I liked this article. I felt like you made an effort to present both sides relatively well. However, your final paragraph was lacking the nuance of the rest of the article.
“I find it difficult to truly understand the need for safety on an emotional level, and maybe you do too. But I see where that need is coming from. Skipping over this concept and believing it’s “just politics” means you missed the point, as I believe Zuckerberg and Altman both did. If you want women and minorities to feel safe at Y Combinator and Facebook, then Thiel’s presence works against that.”
You fail to ask if people’s feelings (of safety or really anything) are the most important variable in making decisions. Is it reasonable that someone would feel unsafe by another person coming out supporting a candidate that won the Republican nomination? Usually the question of “is it reasonable” is irrelevant for supporting someone’s emotions. But when “supporting” someone’s emotions means someone should lose their job, the reasonableness of those feelings needs to be assessed to see if, in this case, there is a true risk of a threat.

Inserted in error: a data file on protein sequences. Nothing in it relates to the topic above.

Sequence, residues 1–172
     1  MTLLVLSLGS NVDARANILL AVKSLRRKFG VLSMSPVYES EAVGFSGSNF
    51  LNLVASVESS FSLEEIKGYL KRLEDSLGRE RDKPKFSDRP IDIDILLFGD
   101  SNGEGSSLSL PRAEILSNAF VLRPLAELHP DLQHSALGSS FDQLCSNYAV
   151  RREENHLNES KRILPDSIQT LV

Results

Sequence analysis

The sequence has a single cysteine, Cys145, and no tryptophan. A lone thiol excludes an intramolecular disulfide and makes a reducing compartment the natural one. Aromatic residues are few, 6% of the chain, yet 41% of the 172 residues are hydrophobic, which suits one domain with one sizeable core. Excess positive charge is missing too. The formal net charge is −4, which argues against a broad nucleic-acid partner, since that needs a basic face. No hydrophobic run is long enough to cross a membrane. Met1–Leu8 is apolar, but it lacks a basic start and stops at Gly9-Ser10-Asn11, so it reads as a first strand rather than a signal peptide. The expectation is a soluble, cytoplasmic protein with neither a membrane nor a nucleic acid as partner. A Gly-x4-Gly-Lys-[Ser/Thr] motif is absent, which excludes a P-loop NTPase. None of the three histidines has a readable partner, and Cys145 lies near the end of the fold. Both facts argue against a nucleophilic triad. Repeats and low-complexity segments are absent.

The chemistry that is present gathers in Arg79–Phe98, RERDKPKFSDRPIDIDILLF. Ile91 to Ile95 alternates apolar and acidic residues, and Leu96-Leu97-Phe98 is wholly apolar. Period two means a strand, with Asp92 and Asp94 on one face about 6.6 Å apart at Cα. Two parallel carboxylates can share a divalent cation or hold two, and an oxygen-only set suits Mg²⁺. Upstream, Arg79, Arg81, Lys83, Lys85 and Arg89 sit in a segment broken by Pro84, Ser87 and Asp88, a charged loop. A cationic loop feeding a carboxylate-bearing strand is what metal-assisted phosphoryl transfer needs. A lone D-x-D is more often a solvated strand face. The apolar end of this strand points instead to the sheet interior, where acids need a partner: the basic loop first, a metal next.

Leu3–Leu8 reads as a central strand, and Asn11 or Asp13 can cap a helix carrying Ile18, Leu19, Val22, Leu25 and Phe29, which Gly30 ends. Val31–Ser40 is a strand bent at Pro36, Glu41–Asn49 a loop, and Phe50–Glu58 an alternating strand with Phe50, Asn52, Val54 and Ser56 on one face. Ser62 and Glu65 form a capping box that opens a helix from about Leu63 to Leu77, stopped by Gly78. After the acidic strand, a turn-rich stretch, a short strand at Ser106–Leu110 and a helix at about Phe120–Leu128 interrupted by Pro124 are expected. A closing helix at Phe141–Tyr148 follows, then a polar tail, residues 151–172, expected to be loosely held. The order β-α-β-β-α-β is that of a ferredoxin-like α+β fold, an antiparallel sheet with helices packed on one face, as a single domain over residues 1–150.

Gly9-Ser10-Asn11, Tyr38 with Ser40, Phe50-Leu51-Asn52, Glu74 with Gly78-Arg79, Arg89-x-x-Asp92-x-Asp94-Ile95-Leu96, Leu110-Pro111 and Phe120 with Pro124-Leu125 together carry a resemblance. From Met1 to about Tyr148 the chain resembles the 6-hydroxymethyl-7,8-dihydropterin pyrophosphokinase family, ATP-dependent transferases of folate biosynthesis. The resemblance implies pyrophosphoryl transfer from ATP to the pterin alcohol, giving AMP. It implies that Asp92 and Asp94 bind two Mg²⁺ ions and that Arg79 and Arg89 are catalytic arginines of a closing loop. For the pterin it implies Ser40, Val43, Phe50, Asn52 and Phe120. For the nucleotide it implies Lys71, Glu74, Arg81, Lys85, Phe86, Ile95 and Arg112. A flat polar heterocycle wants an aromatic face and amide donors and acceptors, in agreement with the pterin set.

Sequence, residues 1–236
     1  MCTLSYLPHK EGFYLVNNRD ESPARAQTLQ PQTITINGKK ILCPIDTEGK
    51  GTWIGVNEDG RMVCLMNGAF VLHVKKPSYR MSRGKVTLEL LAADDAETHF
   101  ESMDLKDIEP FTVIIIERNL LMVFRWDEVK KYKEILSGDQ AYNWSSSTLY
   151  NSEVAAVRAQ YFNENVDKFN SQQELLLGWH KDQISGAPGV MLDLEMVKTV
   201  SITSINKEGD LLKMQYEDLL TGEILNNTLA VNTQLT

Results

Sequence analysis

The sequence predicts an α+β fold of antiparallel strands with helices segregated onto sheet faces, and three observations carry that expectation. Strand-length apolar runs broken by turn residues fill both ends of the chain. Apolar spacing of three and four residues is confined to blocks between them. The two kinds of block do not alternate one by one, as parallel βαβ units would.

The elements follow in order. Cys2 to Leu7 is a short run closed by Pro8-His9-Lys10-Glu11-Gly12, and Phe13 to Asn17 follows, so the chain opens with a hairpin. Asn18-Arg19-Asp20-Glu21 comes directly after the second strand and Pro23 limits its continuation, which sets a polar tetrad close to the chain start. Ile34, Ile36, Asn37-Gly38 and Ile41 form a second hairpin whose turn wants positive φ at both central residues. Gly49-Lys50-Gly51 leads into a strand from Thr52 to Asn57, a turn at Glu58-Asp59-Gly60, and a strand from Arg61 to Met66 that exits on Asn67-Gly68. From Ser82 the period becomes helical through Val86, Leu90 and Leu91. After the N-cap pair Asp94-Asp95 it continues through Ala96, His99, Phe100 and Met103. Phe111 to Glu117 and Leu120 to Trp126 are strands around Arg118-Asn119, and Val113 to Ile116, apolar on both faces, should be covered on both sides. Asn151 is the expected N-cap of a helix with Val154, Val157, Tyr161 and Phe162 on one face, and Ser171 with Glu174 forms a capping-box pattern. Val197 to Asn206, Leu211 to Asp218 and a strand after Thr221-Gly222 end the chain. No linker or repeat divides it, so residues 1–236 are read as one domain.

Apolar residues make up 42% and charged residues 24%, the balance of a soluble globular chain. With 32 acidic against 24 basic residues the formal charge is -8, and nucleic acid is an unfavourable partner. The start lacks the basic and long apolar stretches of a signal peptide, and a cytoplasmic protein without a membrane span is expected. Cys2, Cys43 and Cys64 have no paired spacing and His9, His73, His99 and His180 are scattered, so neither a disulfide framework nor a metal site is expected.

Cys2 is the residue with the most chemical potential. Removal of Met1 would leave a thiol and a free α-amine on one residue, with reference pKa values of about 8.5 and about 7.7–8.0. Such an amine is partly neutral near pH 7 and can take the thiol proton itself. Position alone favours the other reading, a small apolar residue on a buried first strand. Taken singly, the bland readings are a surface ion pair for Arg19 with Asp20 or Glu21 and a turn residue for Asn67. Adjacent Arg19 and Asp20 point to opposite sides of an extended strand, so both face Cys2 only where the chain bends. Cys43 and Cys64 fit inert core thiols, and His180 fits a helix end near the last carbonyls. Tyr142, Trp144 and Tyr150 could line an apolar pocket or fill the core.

Unless your assessment concludes that anyone supporting Trump must themselves be racist or sexist or supportive of racist/sex people in terms of how they operate in their professional lives, the answer must be no. There is no actual threat to women or minorities from people who support the Republican nominee and losing one’s job over giving money to a political candidate, no matter “feelings”, is a dangerous rather bigoted way of dealing with people who disagree with you.